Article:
Smart contracts are more like the backend of web3 applications. They can be written into fungible tokens or non-fungible tokens (cryptocurrencies) that can be used to perform blockchain transactions. Smart contracts are typically written in Solidity, but they can also be written in other languages.
Smart contract languages other than Solidity
Many great projects are smart contract oriented and are focused on art and DeFi.
NFTs are by far the most popular use case for smart contracts followed by DeFi contract.
Building both NFT and DeFi contracts will make you an asset in the web3 world.
Some popular NFT projects include
- Bored Ape Yacht Club
- Mutant Ape Yacht Club
- Axie Infinity
- Cool Cats
3. Build projects
Building projects is one of the best ways to learn any programming language/framework. Numerous project ideas range from beginner to intermediate to advanced on the internet.
There are also numerous tutorials on YouTube where instructors build real-world web3 apps. You can create simple or even complex projects to test yourself with what you’ve learned.
Cool web3 beginner project ideas for your portfolio
- Minting dApp.
- How to create your own blockchain
- Make NFTs using different token standards
- Create your own Solana token
Next steps: build your web3 career
By the time you have gotten to this stage, you would already be a web3 maestro!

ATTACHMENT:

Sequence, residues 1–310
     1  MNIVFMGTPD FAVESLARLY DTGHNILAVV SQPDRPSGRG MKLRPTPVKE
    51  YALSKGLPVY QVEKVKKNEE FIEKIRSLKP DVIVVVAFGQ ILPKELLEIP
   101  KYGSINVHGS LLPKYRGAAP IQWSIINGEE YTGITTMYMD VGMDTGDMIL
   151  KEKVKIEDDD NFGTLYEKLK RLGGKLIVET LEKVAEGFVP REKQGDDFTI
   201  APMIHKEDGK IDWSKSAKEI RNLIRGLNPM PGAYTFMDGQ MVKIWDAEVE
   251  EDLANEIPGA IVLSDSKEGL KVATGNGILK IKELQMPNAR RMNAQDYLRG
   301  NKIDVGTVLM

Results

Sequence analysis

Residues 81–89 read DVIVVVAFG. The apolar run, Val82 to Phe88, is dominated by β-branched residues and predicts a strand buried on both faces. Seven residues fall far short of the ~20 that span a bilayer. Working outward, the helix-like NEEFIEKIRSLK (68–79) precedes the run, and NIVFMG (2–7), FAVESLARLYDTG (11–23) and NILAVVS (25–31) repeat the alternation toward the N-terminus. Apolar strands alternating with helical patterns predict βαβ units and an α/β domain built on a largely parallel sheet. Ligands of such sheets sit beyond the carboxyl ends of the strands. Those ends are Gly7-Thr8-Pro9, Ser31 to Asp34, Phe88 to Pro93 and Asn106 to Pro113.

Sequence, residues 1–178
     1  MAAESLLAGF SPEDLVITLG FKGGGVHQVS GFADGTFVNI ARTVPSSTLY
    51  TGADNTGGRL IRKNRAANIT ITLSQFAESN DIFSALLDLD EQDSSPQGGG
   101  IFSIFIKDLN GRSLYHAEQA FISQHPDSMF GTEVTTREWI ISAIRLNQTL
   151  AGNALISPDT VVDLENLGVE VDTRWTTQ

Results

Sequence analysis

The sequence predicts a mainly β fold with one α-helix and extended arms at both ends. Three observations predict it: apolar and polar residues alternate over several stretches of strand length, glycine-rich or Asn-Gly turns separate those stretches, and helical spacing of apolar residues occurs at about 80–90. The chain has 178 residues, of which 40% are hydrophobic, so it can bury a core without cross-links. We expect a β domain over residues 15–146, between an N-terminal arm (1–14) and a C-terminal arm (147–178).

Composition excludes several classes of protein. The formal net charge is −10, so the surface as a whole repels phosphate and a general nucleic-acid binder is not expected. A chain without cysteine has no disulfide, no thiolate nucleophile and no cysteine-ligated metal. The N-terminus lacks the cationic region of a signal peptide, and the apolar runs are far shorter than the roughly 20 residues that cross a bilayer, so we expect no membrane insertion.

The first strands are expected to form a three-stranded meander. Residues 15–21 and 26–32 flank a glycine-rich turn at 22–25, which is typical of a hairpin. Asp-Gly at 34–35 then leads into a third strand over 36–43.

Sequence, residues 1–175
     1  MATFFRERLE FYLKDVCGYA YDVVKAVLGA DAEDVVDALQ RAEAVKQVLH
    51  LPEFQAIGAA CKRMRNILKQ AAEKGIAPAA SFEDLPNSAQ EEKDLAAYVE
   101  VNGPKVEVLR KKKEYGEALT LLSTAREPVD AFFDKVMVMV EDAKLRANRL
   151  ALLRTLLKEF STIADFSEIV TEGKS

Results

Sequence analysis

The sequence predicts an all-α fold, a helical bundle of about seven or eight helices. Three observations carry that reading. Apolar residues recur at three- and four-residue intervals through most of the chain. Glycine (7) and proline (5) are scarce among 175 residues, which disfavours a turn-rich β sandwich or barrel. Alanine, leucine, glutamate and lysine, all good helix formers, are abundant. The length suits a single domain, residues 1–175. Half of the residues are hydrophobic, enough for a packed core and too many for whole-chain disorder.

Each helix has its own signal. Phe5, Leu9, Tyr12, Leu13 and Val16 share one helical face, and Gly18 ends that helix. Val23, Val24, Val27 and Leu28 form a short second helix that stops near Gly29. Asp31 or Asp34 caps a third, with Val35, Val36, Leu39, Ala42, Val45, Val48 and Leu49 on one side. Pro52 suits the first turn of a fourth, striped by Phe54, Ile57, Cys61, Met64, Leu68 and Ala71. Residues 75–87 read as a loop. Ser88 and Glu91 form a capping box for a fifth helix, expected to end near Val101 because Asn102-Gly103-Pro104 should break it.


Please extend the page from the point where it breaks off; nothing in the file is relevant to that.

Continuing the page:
This point would be the best time for you to start working on the career side of web3 development.
The following few points will guide you how to start in web3 and build a solid career:
1. Work on your resume
You can design your portfolio website to list the projects you’ve worked on; this is super helpful when applying for a job. List down all the development related internships and jobs you’ve done.
Your opening summary on the resume should be like an elevator pitch in 2-3 lines. Include years of experience, what web3 skills you have (this includes tools, languages, protocols) and what you want to pursue as a career path.
You can include any projects you’ve created, including the web3 tutorials on Metaschool.
2. Apply for a job
After learning all the essential tools, sharpening your knowledge, and building web3 projects, you can now try your hands on an actual job.
There are numerous websites where you can find full-time, part-time, and remote web3 jobs today.
You can checkout sites like:
3. Find some freelancing gigs
Freelancing is a great way to make a lot of cash as a developer. You essentially work for yourself and can dictate your own working timelines and live a comfortable life.
Unlike a full-time job where you are paid monthly, you would have to always actively follow up with clients and meet deadlines to make ends meet, which can sometimes feel relatively slow.
From statistics, freelancers can make 3X the amount a salaried work can make, which remains the same in web3.
Thank you for reading! I really hope you enjoyed reading this article and that you know how to start in web3 development as a beginner now. I hope you see where your web3 career progresses in the near future.